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Heavy Duty Truck & Trailer Executive Summary


The Economy showed an increased rate of recovery in January. Fourth quarter GDP improved to 5.7%. Much of this was due to inventory replenishment. After adjustment real growth averaged 2.2%. Additionally in December manufacturing in the U.S. and Canada began to add jobs. For the first time in 2009 the average work week exceeded 40 hours. Overall the job situation worsened as the public sector and the non manufacturing economy shed 20,000 more jobs than manufacturing added. The Purchasing Managers indexís for both manufacturing and non manufacturing reflected overall sector expansion. The manufacturing PMI increased 3.5 points to 58.4 from Decemberís 54.9. This is the highest index since August 2004. The improvement was driven by new orders, up nearly 2%, production up nearly 10%, and employment up almost 6%. Thirteen of the 18 industries reporting showed growth indicating that expansion is widespread. The non manufactures index also indicated expansion with a slight improvement of .4 points to 50.5. The major drag on the index was a decline in business activity, which was down one point. Positive contributors were production up 5% and employment up 2% but still contracting.

The Conference Boardís index of economic indicators increased strongly in December. The leading economic indicators improved 1.5 points to 106.4. The major contributors were the interest rate spread and new housing permits accompanied by to a lesser extent, consumer confidence and stock prices. Eight of the ten indicators in the LEI showed improvement. The coincident indicators remained steady at 99.9 supported mostly by industrial production. The major negative remains unemployment. The lagging indicators continued to decline. The Conference Board consumerís confidence index improved from 53.6 to 55.9. A reading in a normal economy would be 90. A major contributor is the consumer opinion of the present situation. The index rose from 20.2 to 25.0. Still many more remain pessimistic than optimistic especially about job market improvement. Housing remained in the doldrums with the sale of existing homes declining nearly 20% from November. This is due primarily to the end of the government tax credit for first time home buyers. Sales still annualized at over 5.5 million far exceeding the 4.5 million in a normal market. The average home selling price was $178,300 well below the $200,000 average in a healthy economy. There is a 7.2 month supply of existing homes for sale. New home sales declined 10.9% from November to 342,000 units. This is well below the 1,000,000 new home sales in a healthy economy. Average selling prices of $290,000 is well above the $250,000 in a healthy economy. Days supply increased from 7.8 to 8.4 months. The most positive news for housing was an increase of 11.1% for new home permits to 653,000. This may be the first time that home builders may be starting to increase production. Housing starts in December annualized at 557,000 or down 4% form November. This was mostly holiday and weather related. Completions were 768,000 down 11% from November showing a trend of attempting to dry up new inventory.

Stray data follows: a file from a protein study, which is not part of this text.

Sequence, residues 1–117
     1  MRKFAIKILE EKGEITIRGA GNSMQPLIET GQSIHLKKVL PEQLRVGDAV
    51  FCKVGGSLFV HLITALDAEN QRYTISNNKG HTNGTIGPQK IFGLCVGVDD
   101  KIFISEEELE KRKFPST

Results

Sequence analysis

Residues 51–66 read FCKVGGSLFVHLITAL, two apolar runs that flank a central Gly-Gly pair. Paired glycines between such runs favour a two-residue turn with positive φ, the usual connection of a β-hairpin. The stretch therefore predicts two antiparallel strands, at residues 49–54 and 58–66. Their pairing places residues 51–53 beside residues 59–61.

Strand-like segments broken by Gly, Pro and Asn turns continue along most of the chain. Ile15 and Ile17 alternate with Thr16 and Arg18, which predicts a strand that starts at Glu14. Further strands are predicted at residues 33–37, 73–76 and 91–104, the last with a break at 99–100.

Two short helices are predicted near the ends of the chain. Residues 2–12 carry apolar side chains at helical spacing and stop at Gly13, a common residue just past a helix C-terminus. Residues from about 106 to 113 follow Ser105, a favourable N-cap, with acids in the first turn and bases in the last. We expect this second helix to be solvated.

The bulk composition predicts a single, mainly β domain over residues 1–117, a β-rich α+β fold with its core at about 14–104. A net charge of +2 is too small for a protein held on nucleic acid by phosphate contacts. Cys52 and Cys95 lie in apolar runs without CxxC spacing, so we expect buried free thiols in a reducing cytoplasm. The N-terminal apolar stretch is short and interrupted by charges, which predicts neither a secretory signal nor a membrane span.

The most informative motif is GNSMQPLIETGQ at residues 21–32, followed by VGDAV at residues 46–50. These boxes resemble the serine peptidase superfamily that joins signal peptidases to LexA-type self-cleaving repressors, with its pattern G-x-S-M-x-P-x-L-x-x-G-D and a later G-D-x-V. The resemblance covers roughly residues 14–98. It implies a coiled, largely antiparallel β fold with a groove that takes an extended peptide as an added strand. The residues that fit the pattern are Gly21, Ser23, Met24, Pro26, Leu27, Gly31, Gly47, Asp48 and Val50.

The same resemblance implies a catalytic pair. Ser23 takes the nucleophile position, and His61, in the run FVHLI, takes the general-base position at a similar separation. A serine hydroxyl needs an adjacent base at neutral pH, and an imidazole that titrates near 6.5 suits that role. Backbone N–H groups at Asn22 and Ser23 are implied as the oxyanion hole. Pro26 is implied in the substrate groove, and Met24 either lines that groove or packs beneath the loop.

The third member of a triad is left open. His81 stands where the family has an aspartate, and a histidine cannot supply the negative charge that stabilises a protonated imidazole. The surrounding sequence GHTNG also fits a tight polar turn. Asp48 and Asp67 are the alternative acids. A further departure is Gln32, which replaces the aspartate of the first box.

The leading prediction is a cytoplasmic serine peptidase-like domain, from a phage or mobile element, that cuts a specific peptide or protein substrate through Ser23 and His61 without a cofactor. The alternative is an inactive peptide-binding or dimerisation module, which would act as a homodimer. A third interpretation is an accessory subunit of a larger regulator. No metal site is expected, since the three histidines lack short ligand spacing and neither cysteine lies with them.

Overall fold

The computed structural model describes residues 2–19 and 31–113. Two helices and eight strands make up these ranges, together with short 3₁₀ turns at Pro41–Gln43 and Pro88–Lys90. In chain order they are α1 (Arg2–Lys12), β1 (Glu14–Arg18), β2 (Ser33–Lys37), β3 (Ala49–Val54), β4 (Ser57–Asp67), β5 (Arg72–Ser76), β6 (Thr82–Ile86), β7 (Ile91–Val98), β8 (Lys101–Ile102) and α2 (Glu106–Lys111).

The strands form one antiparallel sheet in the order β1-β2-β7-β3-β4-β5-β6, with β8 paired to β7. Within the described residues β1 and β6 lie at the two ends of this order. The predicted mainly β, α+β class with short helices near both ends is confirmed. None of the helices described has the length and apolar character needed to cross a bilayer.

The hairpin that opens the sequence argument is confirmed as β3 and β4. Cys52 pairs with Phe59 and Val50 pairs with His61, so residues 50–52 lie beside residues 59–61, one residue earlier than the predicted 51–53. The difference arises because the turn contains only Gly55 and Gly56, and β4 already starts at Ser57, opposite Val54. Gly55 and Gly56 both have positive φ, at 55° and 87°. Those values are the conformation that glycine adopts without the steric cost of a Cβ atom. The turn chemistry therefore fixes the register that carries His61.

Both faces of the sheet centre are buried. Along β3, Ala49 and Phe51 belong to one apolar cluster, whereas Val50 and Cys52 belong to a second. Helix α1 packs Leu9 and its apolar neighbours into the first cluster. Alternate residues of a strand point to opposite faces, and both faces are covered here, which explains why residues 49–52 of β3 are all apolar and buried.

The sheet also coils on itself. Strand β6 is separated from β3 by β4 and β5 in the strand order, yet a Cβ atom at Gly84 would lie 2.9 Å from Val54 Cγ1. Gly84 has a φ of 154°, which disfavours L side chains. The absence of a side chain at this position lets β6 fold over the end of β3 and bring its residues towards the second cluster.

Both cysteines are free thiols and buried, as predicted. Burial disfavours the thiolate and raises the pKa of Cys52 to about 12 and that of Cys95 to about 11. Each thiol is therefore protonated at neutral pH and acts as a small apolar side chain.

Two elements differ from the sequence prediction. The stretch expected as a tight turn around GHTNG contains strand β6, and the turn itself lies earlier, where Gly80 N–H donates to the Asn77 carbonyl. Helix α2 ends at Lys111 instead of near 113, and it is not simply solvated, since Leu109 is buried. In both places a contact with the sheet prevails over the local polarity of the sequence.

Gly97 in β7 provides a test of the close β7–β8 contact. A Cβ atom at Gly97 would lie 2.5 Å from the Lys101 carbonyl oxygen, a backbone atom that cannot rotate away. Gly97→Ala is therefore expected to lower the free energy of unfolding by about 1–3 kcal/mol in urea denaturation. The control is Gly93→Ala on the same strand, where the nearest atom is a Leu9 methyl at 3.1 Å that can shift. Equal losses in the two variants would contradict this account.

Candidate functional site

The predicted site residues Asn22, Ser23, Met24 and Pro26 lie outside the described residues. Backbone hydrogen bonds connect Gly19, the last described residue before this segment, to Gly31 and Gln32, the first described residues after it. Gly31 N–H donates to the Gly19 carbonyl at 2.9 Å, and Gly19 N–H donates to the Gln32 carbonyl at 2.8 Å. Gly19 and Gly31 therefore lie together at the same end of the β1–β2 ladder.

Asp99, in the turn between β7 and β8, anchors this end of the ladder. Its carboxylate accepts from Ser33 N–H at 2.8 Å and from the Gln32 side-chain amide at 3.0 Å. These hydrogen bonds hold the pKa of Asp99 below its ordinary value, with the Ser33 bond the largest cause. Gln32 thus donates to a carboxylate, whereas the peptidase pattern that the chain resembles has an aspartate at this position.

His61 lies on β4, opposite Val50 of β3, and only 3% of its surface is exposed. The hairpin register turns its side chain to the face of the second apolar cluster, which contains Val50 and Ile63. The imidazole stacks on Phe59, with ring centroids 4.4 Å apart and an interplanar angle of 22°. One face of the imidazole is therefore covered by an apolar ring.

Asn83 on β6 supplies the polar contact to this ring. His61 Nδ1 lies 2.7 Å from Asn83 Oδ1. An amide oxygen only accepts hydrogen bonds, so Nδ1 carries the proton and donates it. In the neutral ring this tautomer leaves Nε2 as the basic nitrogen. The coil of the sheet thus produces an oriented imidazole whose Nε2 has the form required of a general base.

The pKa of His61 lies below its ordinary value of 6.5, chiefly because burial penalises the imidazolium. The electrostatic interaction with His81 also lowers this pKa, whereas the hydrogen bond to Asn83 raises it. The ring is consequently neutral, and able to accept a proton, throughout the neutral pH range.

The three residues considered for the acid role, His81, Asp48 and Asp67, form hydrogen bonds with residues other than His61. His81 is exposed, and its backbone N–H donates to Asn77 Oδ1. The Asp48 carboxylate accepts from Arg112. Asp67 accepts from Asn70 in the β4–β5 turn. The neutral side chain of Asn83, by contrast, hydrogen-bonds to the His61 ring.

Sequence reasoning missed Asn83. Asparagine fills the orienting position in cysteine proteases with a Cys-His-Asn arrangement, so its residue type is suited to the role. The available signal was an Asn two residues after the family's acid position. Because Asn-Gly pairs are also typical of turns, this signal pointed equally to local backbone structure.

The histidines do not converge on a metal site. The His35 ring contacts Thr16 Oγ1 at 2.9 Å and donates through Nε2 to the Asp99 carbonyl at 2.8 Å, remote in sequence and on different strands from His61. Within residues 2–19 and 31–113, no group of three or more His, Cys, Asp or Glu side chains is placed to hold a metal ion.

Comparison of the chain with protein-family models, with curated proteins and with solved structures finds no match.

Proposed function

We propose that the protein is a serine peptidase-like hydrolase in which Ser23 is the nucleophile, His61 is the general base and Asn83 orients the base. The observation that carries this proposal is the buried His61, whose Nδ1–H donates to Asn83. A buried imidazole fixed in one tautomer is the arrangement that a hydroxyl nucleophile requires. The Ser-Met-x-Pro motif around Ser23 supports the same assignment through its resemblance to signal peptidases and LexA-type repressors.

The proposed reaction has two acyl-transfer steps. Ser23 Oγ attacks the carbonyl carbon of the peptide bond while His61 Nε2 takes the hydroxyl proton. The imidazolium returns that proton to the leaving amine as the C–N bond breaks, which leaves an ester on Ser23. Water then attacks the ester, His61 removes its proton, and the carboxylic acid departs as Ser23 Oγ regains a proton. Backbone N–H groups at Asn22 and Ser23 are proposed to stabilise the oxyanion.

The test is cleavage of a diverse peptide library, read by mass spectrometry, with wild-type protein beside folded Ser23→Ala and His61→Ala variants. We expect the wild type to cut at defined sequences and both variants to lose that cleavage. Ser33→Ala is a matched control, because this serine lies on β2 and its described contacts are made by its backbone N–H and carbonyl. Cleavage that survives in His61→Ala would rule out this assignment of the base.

Other indicators either remained positive or indicated growth all be it from a low level. January auto sales improved nearly 6% over the prior year annualizing at a seasonally adjusted 11,500.000 units. This is still well below the 14,000.000 units in a normal market. LIBOR remained steady at 23 basis points indicating good credit flow between banks although the lending environment remains difficult.

Trucking recovery will remain at a very low level. OEMís are predicting another down year with the class 8 build ranging between 110,000 and 140,000 units. There has been a short term increase in build rates to build out the last of the 2010 pre-emission change engines. This should end by March and no real pick up in production is expected before the fourth calendar quarter. This is supported by the decline in new truck order rates in January to 6212 units. This is the lowest order level since July 2002 when the pre-buy ended prior to the 2002 engine emission change. Fleets continue to struggle as most reported a decline in earnings or increased losses for 2009. Indications are that bankruptcies increased in the fourth quarter 2009 and are accelerating in the first quarter. Banks are forcing foreclosure because there is now a used truck market for failed fleet trucks. Additionally many struggling fleets will not be able to come up with license, tax and insurance required by April of this year. Even though freight has improved in November and December it still ended the year down 8% from 2008. That year was down 12% from 2007. Fleets still have 3% to 5% of their trucks parked as excess capacity and many have changed their replacement cycle from 3 to 4 years to 4 to 6 years. With the ready availability of 2 to 3 year old used trucks and a trend toward rebuilding and reconditioning older units, most major fleets will buy very few new units this year.

Our outlook for the economy remains positive. The improvement, however, will be very slow. There is no single or small group of factors existent that will lead a fast economic improvement that occurred in past cycles. The 92-94 upturn was lead by new technology and the ďdot.comĒ bubble. The recovery after 9/11 was lead by housing. All of the shocks to our economy have not been fully realized. We are yet to see or understand the full effect of the commercial real estate failure, weakened European and Asian economies or our own greatly accelerating national debt. It is our opinion that we will not see significant recovery before 2011-2012.


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